During the first meeting of the Tax Conference a permanent chairman and secretary were elected, and the following committees were

Report of the Revenue Commission appointed by the Act of the Legislature of Pennsylvania, May 25, 1889." Pp. 198. Philadelphia, 1890.

appointed: (1) A commission to make exhaustive investigations into the value of all classes of property in the State, and the taxation of this property; (2) a committee to examine the taxing systems of other American States; (3) a committee on finance. The Tax Conference has held four meetings, the last having taken place at Harrisburg, February 9, 1893. At the third meeting a further committee was appointed to report concerning the principles upon which a new tax bill should be based. The conference has discovered that the task of securing the exact information it requires as a basis for a new tax law is one of greater difficulty than was at first anticipated. It has not been discouraged, however, by the magnitude of its undertaking, but has pushed on the work with increasing enthusiasm. The reports of its committees which have already been submitted and which are promised in the near future will constitute a collection of statistics bearing upon the distribution of property throughout Pennsylvania, and the incidence of State and local taxes, such as has never before been brought together for any State in the Union.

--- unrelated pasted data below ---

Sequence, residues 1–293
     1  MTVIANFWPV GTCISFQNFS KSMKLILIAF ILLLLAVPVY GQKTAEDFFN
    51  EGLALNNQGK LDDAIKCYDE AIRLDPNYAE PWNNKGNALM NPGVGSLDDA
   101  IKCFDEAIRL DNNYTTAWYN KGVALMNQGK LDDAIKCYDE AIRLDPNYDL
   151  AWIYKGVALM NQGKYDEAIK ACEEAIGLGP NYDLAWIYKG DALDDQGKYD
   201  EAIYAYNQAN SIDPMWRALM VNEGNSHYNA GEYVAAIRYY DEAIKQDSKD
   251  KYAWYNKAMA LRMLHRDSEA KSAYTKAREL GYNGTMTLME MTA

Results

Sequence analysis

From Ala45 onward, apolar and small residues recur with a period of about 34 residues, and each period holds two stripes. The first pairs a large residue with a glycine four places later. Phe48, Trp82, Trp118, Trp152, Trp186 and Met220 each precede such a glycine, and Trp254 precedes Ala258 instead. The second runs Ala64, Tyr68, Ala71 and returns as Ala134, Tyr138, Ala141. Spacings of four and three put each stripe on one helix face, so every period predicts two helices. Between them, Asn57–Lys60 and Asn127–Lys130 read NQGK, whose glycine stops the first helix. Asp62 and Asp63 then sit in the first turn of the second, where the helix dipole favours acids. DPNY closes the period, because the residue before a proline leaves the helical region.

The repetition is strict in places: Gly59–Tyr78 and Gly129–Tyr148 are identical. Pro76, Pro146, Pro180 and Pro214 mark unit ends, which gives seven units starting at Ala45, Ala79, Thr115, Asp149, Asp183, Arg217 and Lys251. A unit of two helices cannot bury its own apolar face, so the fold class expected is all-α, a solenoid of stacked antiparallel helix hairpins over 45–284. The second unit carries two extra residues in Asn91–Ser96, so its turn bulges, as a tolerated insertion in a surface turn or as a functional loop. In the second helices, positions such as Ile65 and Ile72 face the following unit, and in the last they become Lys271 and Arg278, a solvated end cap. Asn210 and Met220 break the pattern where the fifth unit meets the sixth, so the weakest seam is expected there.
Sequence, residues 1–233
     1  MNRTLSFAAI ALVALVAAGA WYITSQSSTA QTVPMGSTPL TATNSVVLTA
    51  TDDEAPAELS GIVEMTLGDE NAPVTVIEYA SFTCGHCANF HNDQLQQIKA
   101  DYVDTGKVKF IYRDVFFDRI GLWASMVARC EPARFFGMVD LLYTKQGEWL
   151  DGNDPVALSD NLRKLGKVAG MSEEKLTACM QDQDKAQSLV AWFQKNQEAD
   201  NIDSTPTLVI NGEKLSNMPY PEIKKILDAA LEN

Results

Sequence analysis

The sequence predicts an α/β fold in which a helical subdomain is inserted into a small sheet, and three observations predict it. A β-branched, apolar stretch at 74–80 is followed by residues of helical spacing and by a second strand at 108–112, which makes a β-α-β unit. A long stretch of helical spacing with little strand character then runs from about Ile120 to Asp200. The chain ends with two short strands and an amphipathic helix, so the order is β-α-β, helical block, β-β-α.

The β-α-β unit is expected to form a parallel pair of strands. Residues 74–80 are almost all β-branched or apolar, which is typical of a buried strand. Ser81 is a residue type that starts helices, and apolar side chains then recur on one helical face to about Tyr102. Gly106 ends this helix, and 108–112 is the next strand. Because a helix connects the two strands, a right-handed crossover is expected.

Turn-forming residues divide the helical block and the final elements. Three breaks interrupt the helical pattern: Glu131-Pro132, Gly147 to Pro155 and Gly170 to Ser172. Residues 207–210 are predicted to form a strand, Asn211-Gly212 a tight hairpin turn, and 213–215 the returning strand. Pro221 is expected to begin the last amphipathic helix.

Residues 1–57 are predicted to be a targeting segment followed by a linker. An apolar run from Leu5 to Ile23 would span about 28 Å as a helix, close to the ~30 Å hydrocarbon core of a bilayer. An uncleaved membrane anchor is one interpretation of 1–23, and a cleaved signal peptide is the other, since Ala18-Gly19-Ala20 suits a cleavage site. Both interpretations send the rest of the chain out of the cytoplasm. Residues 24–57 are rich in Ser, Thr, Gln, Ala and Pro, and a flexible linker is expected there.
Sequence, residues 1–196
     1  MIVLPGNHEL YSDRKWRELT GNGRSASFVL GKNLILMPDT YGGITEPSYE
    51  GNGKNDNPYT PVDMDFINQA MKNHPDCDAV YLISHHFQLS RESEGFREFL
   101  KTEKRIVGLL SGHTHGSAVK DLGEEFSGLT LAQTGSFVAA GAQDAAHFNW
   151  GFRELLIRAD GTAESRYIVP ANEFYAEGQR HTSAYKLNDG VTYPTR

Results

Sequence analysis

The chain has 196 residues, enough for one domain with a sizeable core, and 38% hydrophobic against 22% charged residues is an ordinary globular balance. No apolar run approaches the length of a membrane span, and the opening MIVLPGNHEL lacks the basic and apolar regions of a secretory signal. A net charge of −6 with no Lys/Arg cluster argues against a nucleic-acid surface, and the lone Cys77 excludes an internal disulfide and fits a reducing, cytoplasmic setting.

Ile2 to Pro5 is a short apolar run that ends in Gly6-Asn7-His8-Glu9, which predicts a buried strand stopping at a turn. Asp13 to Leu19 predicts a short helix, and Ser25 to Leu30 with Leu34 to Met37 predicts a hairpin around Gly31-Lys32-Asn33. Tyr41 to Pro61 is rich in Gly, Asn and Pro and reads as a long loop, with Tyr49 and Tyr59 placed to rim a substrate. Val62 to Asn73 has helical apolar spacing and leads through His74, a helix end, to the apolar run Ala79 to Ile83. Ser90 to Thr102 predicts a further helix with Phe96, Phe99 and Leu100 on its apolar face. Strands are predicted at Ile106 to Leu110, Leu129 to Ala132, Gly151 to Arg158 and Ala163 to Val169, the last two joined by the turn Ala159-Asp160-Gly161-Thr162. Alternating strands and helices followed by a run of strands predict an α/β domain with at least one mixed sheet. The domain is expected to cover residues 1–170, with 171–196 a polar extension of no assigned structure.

Up to the present time, besides reports of minor importance from the committees on the taxing systems of other States and on the principles which should underlie a system of State and local taxation, two reports have been submitted by the commission on “valuation and taxation," and printed at the expense of the conference. The first* of these reports is divided into three parts, as follows: Part I treats of the actual valuation of all classes of property in the State. Part II treats of the amount paid in taxes by each class. Part III takes up the amount of property exempted from taxation not covered by the exemptions specified in the constitution of 1874. In order to obtain the facts contained in this report a corps of experts was employed by the commission to visit the different counties and examine the books of the county commissioners. No pains were spared to make these statistics as accurate as possible, and no one can read the report without feeling that the result is a credit to all those concerned in the investigation. Here we have brought together, in compact form, just those facts, the knowledge of which is most essential as a basis for any new tax legislation. If the Tax Conference should disband and have nothing to show for its activity but this report on Valuation, Taxation and Exemption," it yet would have done an immense service to those interested in the promotion of tax reform. But it has not been satisfied with this one report, which must, after all, reflect to a large extent the inaccuracies inherent in the "official" statistics supplied by the State